The absence of a link between two qubits that need to interact according to de gate operations of a quantum circuit requires the addition of extra gates that may end up increasing the circuit’s depth greatly, which in turn translates to a greater exposure to noise. This is shown in Fig. 2C, which illustrates a possible way of executing the six qubit operations of quantum circuit 224 in a sequential way (at time instances ti,...teY As shown in the first allocation graph 226, the first two instructions ti and fc, requiring a connection between algorithmic qubit q% and q% and between algorithmic qubit q% and q% respectively, can be directly allocated to physical qubit q$ that is coupled to physical qubit q^ and physical qubit (73 respectively. The next instruction t3 however requires a connection between algorithmic qubit q% and q% . As shown by graph 226 however this instruction cannot be executed as at t3 there is no physical connection between physical qubit q^ (which holds algorithmic qubit q”) and physical qubit q% (which holds algorithmic qubit q%).
To address this problem a compiler that is processing the gate operations of the quantum circuit may be configured to introduce one or more transformations, i.e. additional gate operations, to enable execution of the quantum circuit on the physical qubit register with limited connectivity. In this example, the transformation may include socalled SWAP gates 227,229 that swap the states of two qubits. In this particular case, for example the compiler may decide to introduce a first SWAP gate 227 to swap the states of qubits q$ and (73 so that algorithmic qubit q% is mapped on physical qubit q$ and algorithmic qubit q% is mapped on physical qubit q% . Thereafter, instruction 6 (requiring a connection between algorithmic qubit q% and q%) can be executed. In the same way, after execution of instructions t4 and ts, a second SWAP gate 229 may be introduced to allow execution of instructions ts, Thus, due to the limited connectivity of the physical qubits, additional gates need to be introduced in order to execute the gate operations of a quantum circuit leading to increasing circuit depts and longer runtime. This, especially in the NISQ (Noisy IntermediateScale Quantum) era, may be a severe enough problem that a bad solution to an initial mapping results in a computation too noisy to be of any use. The process of including additional gate instructions to achieve the required connectivity is referred to as circuit transformation.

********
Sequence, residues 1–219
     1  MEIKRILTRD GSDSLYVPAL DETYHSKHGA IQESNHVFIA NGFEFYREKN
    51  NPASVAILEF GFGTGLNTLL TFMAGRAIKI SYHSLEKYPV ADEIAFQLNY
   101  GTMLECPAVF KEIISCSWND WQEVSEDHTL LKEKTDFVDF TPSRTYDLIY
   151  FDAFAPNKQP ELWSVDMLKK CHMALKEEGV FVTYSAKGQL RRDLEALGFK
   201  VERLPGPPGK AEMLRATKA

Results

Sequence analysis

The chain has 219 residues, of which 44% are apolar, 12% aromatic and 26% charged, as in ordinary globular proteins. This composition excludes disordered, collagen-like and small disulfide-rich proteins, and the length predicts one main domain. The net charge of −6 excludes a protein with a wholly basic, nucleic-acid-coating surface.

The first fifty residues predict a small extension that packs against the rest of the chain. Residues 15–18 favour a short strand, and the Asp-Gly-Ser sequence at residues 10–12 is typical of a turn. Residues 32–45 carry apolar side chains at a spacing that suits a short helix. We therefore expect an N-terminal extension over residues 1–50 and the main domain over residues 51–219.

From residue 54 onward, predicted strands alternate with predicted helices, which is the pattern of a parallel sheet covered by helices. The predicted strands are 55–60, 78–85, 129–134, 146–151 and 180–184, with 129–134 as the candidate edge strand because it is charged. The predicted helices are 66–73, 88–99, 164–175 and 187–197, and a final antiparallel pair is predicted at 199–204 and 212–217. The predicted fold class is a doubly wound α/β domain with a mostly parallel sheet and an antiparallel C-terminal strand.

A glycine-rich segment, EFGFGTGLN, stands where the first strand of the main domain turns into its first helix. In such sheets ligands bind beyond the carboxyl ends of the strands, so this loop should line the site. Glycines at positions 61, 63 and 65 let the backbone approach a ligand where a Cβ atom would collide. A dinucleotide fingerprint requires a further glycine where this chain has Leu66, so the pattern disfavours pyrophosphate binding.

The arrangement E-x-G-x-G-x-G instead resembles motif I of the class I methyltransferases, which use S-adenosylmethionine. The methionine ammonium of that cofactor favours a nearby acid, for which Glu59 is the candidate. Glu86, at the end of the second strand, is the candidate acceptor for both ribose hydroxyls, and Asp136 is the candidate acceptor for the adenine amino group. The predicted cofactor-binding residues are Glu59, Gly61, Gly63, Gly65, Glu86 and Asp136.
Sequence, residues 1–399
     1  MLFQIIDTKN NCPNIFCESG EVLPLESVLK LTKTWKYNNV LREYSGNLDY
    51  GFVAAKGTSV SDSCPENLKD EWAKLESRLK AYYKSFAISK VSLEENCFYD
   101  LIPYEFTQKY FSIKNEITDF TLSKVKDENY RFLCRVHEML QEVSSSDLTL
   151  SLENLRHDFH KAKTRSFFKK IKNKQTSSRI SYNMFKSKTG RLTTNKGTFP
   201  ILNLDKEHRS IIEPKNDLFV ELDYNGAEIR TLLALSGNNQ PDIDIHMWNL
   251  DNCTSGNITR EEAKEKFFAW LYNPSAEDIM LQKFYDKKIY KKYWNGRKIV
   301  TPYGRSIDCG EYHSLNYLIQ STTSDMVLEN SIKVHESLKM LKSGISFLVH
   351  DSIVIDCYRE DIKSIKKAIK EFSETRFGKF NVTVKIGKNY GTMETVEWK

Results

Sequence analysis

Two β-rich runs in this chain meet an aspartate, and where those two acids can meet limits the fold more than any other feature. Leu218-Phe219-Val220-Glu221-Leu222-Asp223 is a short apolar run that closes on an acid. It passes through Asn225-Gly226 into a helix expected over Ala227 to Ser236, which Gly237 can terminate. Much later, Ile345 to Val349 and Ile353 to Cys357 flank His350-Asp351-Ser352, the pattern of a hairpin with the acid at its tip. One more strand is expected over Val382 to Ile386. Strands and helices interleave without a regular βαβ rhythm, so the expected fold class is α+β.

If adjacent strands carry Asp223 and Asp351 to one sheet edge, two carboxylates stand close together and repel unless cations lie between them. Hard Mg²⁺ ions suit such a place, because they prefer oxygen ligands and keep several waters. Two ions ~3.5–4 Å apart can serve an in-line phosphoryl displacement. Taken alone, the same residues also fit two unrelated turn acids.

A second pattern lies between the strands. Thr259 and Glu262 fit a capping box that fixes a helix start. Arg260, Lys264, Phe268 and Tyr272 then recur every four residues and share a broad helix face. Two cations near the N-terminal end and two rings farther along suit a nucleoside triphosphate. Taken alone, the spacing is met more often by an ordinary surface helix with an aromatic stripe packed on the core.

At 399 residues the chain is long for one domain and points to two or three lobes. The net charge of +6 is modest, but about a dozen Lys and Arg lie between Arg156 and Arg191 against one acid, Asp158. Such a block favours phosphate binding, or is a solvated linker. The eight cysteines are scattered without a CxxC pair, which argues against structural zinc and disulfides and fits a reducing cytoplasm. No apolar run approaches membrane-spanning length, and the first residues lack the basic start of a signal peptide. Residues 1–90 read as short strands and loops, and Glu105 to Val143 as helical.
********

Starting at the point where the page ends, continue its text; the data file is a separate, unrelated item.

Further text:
Fig. 3A and 3B depict examples of gate operations that can be used to achieve connectivity. Fig. 3A illustrates the swap gate operation, which is translated into 3 CNOT gates 304 to exchange qubit states of two physical qubits 302. The swapping operation is not reversed after execution and thus the application of this gate causes the algorithmictophysical qubit assignment to dynamically change along the quantum program. When the distance between the two qubits of interest is just 1 (i.e., they are not connected but both are linked to the same third qubit), there is another convenient identity, the socalled